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[SVG Transforms 1.0, Part 2: Language (2009-03-20)] - Feedback for "2.2. The 'perspective' property"

From: Dr. Olaf Hoffmann <Dr.O.Hoffmann@gmx.de>
Date: Sun, 22 Mar 2009 16:55:07 +0100
To: www-svg@w3.org
Message-Id: <200903221655.07868.Dr.O.Hoffmann@gmx.de>
Hello SVG WG,

I think, the relation to transform and the displayed result should be
described and/or the related section of 5. should be referenced.

In detail:

What is the relation between the projection matrix given in 1.1 and 5. and 
the 'perspective' property? How are <px>, <py> and <pd> represented in 
the projection matrix (or elsewhere)? The matrix itself has only one
parameter 'd', other matrix elements are all 0 or 1.
Note that in 1.1 the matrix element with the d is noted to be '1/-d', in 5. it
is noted to be '1/d' - typo? intention? contradiction?

It is defined:
'<pd> specifies the <coordinate> representing the viewpoint distance from the 
X, Y viewing plane. The value is in the current user coordinate system.'

--> Note, that currently the user coordinate system is a 2D canvas in the
referenced SVGT1.2 prose. Something like a z-coordinate is currently available
already in the SVG1.1 filter section or the related filter draft. It is not
obvious, what <pd> represents in this user coordinate system as defined by
SVGT 1.2, therefore I think, the last sentence should be skipped and the roles
of the <px>, <py> and <pd> need to be explained, maybe using an illustrative 
SVG-document ;o)

Typo:
'projeciton matrix' --> 'projection matrix'


As far as I understand the formulas in section 5, the z-information is not 
conserved.

For example in SVG1.1 and SVGT1.2 the following has the same visible effect
(slightly modified sample from the SVGT1.2 specification):


'<g transform="rotate(-90) translate(5,10) rotate(90) translate(-5,-10)">
  <!-- graphics elements go here -->
</g>'

and

'<g transform="rotate(-90)">
  <g transform="translate(5,10)">
    <g transform="rotate(90)">
      <g transform="translate(-5,-10)">
        <!-- graphics elements go here -->
      </g>
    </g>
  </g>
</g>'



But with this projection this is not true anymore, these
are not the same effects, because the z-information is projected to zero for
every g element in the nested-g sample:

'<g transform="rotateX(-90) translate(5,10) rotateX(90) translate(-5,-10)">
  <!-- graphics elements go here -->
</g>'

and

'<g transform="rotateX(-90)">
  <g transform="translate(5,10)">
    <g transform="rotateX(90)">
      <g transform="translate(-5,-10)">
        <!-- graphics elements go here -->
      </g>
    </g>
  </g>
</g>'


Here this especially means, that without vector-effect="non-scaling-stroke"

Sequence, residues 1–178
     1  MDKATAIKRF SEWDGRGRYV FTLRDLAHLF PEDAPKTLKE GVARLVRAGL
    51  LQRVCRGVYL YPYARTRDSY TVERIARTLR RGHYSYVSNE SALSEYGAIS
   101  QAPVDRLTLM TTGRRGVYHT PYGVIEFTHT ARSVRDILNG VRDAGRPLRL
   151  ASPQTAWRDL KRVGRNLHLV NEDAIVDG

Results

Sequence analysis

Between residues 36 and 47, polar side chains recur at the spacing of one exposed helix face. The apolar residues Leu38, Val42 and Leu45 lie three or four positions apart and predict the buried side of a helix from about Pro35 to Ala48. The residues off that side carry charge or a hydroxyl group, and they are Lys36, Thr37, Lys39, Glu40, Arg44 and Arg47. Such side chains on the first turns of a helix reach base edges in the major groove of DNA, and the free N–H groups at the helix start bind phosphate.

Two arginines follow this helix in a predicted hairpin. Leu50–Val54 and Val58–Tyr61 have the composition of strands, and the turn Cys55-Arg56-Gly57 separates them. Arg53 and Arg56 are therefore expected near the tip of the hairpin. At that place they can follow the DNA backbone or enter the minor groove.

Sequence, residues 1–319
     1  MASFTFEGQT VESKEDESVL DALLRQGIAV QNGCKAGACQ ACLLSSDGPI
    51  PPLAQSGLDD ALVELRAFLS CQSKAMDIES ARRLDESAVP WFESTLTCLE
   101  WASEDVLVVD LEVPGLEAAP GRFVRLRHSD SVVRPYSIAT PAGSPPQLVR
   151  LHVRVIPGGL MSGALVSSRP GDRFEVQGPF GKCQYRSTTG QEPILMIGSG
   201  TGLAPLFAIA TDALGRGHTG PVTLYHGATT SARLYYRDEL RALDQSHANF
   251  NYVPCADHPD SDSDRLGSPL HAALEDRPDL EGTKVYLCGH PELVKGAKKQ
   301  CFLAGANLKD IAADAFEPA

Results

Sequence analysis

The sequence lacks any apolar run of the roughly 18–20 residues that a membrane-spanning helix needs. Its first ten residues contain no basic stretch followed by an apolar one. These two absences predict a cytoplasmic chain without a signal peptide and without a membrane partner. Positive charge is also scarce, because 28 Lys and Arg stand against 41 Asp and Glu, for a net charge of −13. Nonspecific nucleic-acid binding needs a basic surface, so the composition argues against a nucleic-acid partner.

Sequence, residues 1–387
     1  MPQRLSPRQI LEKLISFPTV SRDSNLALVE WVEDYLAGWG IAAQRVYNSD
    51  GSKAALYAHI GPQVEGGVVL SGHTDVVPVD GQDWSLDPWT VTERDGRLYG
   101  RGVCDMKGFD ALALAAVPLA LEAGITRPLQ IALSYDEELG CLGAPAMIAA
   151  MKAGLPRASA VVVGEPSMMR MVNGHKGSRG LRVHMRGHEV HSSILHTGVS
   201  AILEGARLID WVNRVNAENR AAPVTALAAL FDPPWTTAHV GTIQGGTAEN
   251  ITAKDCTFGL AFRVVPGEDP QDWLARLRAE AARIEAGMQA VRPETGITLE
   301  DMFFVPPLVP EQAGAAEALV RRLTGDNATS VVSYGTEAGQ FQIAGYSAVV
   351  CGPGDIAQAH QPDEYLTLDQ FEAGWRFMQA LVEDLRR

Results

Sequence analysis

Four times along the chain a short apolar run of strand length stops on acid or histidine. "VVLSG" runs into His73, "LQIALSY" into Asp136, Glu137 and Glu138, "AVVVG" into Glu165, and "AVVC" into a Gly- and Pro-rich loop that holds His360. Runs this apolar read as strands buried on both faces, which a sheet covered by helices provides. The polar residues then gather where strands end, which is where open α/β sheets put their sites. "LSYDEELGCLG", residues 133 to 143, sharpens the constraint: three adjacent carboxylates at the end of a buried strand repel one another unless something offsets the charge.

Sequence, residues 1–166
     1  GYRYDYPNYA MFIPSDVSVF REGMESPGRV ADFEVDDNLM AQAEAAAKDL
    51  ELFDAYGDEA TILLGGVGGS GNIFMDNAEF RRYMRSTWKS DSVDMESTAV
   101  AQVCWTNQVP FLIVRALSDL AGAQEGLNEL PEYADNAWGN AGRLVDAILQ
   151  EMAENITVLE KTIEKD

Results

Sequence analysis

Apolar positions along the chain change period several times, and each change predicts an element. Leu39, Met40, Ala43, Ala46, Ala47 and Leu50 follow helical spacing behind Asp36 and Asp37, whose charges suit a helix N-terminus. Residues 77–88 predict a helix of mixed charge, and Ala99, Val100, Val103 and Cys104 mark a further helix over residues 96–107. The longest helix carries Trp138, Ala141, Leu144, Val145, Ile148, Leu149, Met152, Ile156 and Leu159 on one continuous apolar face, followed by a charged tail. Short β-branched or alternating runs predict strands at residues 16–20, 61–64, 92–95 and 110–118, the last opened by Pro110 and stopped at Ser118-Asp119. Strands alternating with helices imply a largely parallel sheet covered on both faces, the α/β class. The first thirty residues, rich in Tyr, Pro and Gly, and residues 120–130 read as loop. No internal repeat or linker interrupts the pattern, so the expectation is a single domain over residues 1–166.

the graphics elements will not be displayed at all and with only as 1D lines
or a 0D points.

Or does the projection only apply to the final display and the z-information
is still conserved for each element for the complete document? This would 
be pretty useful for many applications. Often it is required to have nested
groups with different transformations. If the z-information is lost, one still
has to compute everything with a server-sided script to get the intended
effect.

Think as a basic application for example about an animation representing 
a solar/planetary system - each planet moves in one plane, but each one in a 
slightly different plane and a planet/moon pair has a submovement in a quite 
different plane again.
If the z-information is conserved, the 3D transforms would be a big progress
and simplification for this example. If not, they are almost useless for such 
samples and one still has to do the complete job with a server sided script 
for each change of perspective the audience wants to see. Or at least one has 
to decompose everything into a set of additive animateTransforms for each 
graphical element, resulting in large files or in a massive use of entities,
defined in a doctype declaration to be able to reuse animation values lists
and without some non trivial user interactivity.
The next non trivial problem of this sample would be the rendering order,
the considered 'near' and 'far' values would already help for some problems,
some z-ordered automatic rendering option would be fantastic of course.
Currently one has to exchange the objects with some animations of 'xlink:href'
of 'use' with a lot of computation for a proper timing. Typically an infinite
proper animation is currently impossible, because those systems are not
periodically at a whole, only each separate animation can be periodically.
Received on Sunday, 22 March 2009 16:31:05 GMT

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